Monday, 1 October 2012

Denzell Gardens Literary Festival

To bosky Cheshire, for the second Denzell Gardens Literary Festival, which takes place in the grounds of a Hogwartian country house. It's the sort of event that makes you feel that all is right with the world - face-painting, cupcakes, button-making and Pimms (the last of the year, I fear.) I was on after Adam Perrott, whose antics involving foam, balloons and safety glasses had the children in a rollicking good mood; he is the author of a book for 5-8s called The Odds, which features a family of Meddlers that enjoy causing trouble. I won't spoil the surprise; but let's say that it was explosive.

I read passages from The Other Book and The Liberators, introducing a more sinister element. It feels a little strange reading from The Other Book as it was so long ago (well, four years) - it's amazing how much you change and grow in relation to your own writing. It was very enjoyable, even when a very small child wandered onto the stage and stood just by my chair, gazing up at me. I almost asked him if he wanted to read.

The other events included Tom Williams, who gave a talk about his excellent biography of Raymond Chandler; I didn't know that Chandler was an alcoholic, and seemingly such an unhappy man. Signe Johansen was in conversation about her new book, which tells us all how to bake Scandi-style - and she provided some meltingly delicious cinnamon buns. It's not just herrings and rollmops (I'm not sure what they are) you see.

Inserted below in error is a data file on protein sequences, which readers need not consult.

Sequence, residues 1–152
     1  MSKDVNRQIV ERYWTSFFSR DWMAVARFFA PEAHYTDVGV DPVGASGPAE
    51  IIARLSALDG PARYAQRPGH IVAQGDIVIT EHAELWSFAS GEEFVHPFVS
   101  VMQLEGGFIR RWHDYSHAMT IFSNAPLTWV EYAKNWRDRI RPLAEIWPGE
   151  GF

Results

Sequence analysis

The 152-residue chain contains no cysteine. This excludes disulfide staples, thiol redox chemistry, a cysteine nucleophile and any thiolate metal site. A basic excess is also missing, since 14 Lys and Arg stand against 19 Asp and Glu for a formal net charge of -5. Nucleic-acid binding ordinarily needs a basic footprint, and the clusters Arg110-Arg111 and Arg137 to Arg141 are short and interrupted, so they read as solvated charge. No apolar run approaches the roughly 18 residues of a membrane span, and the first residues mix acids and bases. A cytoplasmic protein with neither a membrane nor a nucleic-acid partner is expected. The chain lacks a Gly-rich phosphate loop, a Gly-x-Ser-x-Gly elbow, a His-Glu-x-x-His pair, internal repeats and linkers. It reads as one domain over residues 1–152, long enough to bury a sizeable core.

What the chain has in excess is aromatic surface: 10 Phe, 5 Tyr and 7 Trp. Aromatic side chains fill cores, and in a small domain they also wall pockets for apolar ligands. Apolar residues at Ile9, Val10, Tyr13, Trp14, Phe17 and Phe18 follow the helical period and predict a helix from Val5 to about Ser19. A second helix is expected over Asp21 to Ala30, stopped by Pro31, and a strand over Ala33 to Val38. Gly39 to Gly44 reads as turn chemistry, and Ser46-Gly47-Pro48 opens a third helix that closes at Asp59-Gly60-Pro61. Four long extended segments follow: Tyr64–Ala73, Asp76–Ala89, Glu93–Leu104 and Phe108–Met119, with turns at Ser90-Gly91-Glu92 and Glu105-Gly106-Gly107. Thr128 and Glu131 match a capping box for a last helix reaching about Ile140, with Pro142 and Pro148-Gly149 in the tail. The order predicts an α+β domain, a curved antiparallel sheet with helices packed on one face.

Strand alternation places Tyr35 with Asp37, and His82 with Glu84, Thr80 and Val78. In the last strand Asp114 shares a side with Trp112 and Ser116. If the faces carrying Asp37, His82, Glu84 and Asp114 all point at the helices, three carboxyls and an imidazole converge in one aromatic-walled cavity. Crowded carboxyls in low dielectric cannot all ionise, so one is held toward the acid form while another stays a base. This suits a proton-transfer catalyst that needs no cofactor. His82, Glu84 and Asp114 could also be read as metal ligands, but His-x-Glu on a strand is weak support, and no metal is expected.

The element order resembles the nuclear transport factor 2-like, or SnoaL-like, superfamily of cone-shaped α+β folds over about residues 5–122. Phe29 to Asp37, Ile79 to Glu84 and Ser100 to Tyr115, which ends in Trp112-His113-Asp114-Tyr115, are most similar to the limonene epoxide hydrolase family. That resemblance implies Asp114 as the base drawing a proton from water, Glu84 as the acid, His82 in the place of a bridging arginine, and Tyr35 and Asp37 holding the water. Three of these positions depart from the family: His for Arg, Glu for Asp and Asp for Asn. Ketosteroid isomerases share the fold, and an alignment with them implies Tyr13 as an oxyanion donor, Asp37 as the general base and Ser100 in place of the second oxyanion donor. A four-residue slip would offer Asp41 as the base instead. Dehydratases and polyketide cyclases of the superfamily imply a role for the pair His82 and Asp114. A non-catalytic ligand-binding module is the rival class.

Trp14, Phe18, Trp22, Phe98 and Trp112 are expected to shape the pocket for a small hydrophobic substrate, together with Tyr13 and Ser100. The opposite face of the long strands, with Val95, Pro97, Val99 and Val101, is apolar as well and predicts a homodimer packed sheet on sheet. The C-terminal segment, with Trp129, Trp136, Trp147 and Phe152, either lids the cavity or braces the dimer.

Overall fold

Adam O'Riordan, the poet, who shares two things with me - one, we were both at Oxford together; the second is that we've both been called "Byronic" in print, (with more appropriateness in his case, perhaps, I feel) – gave a gently powerful reading of some poems from his collection In the Flesh. His first novel is due to come out soon.

In between events, a young singer called Jim Caesar-Goddard performed his own songs. Imbued with a kind of scuzzy melancholy, and with wit and intelligence, he held the room entranced; watch this space, I've no doubt he'll be going far.

There were more talks, more Pimms, more tea; the whole thing was rounded off by the best fish and chips I've had in a long time - although I didn't sample the mushy peas. There was a definite North / South divide when it came to the mushy peas.

An enormous thank you to the organiser, Clare Stuart, for putting on such a good show. I've never seen such excellent bunting. Long may Denzell Gardens live.

1 comment:

  1. A lovely review Philip, Clare will be pleased. Also thank you for introducing me to 'bosky' - great word!